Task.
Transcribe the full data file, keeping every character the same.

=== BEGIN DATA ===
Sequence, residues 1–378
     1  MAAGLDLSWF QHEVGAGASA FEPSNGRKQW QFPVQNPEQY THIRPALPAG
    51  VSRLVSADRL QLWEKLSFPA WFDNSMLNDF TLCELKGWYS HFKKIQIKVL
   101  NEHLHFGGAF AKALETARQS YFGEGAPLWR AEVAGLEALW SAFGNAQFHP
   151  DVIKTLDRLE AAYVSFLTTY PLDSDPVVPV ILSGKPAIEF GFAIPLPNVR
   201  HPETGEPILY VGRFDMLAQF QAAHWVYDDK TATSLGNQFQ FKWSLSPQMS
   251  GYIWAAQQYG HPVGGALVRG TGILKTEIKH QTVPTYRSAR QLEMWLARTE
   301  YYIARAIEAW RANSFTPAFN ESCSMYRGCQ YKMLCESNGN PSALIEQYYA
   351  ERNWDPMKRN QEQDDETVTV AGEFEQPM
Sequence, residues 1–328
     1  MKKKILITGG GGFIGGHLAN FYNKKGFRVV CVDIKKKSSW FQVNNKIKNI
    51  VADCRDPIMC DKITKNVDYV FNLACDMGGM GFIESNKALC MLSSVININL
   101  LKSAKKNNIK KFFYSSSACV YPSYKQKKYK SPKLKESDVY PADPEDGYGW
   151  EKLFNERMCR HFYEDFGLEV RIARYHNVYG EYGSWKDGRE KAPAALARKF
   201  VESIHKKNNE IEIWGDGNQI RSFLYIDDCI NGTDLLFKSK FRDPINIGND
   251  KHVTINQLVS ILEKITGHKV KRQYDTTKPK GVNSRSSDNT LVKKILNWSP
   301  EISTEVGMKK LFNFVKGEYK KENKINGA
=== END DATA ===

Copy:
Sequence, residues 1–378
     1  MAAGLDLSWF QHEVGAGASA FEPSNGRKQW QFPVQNPEQY THIRPALPAG
    51  VSRLVSADRL QLWEKLSFPA WFDNSMLNDF TLCELKGWYS HFKKIQIKVL
   101  NEHLHFGGAF AKALETARQS YFGEGAPLWR AEVAGLEALW SAFGNAQFHP
   151  DVIKTLDRLE AAYVSFLTTY PLDSDPVVPV ILSGKPAIEF GFAIPLPNVR
   201  HPETGEPILY VGRFDMLAQF QAAHWVYDDK TATSLGNQFQ FKWSLSPQMS
   251  GYIWAAQQYG HPVGGALVRG TGILKTEIKH QTVPTYRSAR QLEMWLARTE
   301  YYIARAIEAW RANSFTPAFN ESCSMYRGCQ YKMLCESNGN PSALIEQYYA
   351  ERNWDPMKRN QEQDDETVTV AGEFEQPM
Sequence, residues 1–328
     1  MKKKILITGG GGFIGGHLAN FYNKKGFRVV CVDIKKKSSW FQVNNKIKNI
    51  VADCRDPIMC DKITKNVDYV FNLACDMGGM GFIESNKALC MLSSVININL
   101  LKSAKKNNIK KFFYSSSACV YPSYKQKKYK SPKLKESDVY PADPEDGYGW
   151  EKLFNERMCR HFYEDFGLEV RIARYHNVYG EYGSWKDGRE KAPAALARKF
   201  VESIHKKNNE IEIWGDGNQI RSFLYIDDCI NGTDLLFKSK FRDPINIGND
   251  KHVTINQLVS ILEKITGHKV KRQYDTTKPK GVNSRSSDNT LVKKILNWSP
   301  EISTEVGMKK LFNFVKGEYK KENKINGA